North Dakota seeks to reallocate $16 million in federal coronavirus relief toward fracking

Under the CARES Act, North Dakota initially received $1.25 billion from Congress

North Dakota Gov. Doug Burgum is facing criticism after seeking to repurpose $16 million of emergency coronavirus federal funding for grants to encourage fracking across the state.  

That’s just a portion of the total $221 million in federal funding left over from the state’s COVID-19 response and recovery efforts approved for reallocation by the North Dakota Emergency Commission on Friday, the Grand Forks Herald reported. The six-member board includes four state legislators, as well as the secretary of state of North Dakota, and Burgam as chairman. All are Republicans.

Under the CARES Act, North Dakota initially received $1.25 billion from Congress at the onset of the pandemic. The leftover funds must be spent by a December 30 deadline.

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State Mineral Resources Director Lynn Helm introduced a plan to reallocate $16 million toward grant funding to encourage oil companies to frack wells. He proposed the companies could be eligible for a $200,000 reimbursement per well they complete. They could use the money for acquiring and disposing of water used in the hydraulic fracturing process, in which water, sand and chemicals are injected underground to crack rock and release oil.

Environmentalists and some state Democratic lawmakers have railed against the proposal, equating it to a bailout for oil companies. But proponents say the plan will help create jobs, as much of the country struggles to recover from the economic fallout of the pandemic.

“This money is supposed to help North Dakotans recover from the pandemic and support working families, not serve as another handout to an industry that is already at full workforce," state Sen. Tim Mathern, D-Fargo, said in a statement. "This is more of the same insider spending that gave us the world-leading COVID-19 outbreak. It’s a misuse of taxpayer dollars in the middle of a crisis."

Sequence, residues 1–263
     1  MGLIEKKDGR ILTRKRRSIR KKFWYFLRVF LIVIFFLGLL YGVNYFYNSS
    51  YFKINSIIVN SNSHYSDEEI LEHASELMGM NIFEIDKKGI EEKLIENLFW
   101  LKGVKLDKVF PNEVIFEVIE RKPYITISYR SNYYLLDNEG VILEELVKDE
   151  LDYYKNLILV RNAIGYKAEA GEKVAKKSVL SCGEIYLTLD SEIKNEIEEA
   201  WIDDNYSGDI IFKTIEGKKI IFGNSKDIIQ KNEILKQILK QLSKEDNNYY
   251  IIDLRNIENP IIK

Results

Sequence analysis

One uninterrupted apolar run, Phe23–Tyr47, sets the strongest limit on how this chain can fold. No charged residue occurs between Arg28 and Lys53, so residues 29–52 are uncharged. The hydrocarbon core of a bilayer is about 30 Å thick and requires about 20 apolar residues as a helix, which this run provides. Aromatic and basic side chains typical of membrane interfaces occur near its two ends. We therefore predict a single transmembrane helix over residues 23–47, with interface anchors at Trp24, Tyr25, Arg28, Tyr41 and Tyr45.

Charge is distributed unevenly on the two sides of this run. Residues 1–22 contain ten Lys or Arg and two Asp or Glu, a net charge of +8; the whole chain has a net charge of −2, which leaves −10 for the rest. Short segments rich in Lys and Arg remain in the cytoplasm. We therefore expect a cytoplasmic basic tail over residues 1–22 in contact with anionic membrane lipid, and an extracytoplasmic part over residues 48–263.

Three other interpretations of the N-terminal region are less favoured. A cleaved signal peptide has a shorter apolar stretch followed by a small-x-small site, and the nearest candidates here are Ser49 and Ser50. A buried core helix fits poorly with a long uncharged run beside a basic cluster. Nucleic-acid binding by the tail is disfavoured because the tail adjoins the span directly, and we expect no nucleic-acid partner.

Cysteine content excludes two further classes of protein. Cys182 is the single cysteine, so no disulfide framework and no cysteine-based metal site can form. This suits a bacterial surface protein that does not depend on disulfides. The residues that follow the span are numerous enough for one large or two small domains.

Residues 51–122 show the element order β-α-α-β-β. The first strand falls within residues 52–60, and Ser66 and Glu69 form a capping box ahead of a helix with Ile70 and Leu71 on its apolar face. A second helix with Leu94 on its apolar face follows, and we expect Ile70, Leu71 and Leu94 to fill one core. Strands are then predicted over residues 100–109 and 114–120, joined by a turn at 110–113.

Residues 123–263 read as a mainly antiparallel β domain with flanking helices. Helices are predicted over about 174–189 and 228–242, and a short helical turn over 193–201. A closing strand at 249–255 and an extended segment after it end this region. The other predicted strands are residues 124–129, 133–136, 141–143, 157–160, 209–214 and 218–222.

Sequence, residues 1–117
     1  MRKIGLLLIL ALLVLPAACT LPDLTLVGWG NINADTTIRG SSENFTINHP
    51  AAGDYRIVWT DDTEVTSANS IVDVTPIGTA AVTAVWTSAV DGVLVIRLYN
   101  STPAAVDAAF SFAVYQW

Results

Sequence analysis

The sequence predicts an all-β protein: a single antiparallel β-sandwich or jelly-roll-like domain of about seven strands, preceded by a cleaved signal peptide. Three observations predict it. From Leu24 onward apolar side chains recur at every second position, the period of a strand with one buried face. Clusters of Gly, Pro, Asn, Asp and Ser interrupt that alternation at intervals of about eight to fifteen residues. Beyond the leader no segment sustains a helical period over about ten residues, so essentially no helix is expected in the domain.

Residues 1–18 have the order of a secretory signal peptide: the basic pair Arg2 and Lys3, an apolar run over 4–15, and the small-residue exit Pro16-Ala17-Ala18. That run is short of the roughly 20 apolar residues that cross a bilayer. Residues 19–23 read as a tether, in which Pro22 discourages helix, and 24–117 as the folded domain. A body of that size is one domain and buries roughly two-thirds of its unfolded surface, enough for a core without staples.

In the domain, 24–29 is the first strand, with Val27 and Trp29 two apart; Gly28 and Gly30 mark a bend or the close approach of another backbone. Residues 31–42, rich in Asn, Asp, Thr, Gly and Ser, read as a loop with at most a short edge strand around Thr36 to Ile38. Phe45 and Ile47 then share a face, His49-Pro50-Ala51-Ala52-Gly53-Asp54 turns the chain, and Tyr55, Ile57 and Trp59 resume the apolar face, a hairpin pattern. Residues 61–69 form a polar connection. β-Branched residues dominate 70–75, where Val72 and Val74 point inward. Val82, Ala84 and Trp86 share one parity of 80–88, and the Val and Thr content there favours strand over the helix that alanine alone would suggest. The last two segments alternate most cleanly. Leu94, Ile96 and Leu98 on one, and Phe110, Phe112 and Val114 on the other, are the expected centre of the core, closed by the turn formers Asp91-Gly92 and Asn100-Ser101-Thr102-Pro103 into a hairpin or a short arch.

The Sierra Club also called it “totally inappropriate” to put some of the $1.25 billion the state received under the coronavirus rescue package toward fracking.

“A direct subsidy payment to oil companies to drill for oil is outrageous,” said Wayde Schafer, spokesman for the organization in North Dakota.

A MarkWest Liberty natural gas pipeline and fracking well cap is seen in Valencia, Penn. on Wednesday, Oc. 14, 2020. President Trump accuses Joe Biden of wanting to ban fracking, a sensitive topic in the No. 2 natural gas state behind Texas. (AP Photo/Ted Shaffrey)

A MarkWest Liberty natural gas pipeline and fracking well cap is seen in Valencia, Penn. on Wednesday, Oc. 14, 2020. President Trump accuses Joe Biden of wanting to ban fracking, a sensitive topic in the No. 2 natural gas state behind Texas. (AP Photo/Ted Shaffrey)

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The plan was approved unanimously by the emergency commission last week, and now the Legislative Budget Section is expected to take an up or down vote at its next meeting on Oct. 28.

Helms said oil companies have been hit hard by the price drop resulting from the pandemic, leading to slow work in the state's oil fields. He said repurposing the $16 million will keep 500 to 1,000 people employed through the end of the year.

“There’s nothing inappropriate about using CARES Act money to create jobs in the oil service industry,” he said.

Earlier this year, state leaders designated $66 million of the aid for plugging and cleaning up 380 abandoned well sites. Helms expects the state to finish plugging all 380 wells this year but only complete cleanup work at about half the sites.

Out of the remaining funds reallocated from the CARES Act, $33 million would go to K-12 schools, $29 million would go to the Department of Commerce for the continuation of its business stimulus grants and about $61 million would go to the state treasurer's office for distribution to cities and towns under the plan approved by the emergency commission last week.

About $10 million would go to the state health department to be distributed to hospitals in Fargo, Bismarck, Grand Forks and Minot. The goal would be to incentivize staff retention and attract flex nurses from out of state to combat health care staffing shortages, the Herald reported.

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Under the proposed plan, about 43% of the $221 million would go to public health and safety projects, 38% to economic stimulus and 19% to government services, according to the state's analysis.

The Associated Press contributed to this report.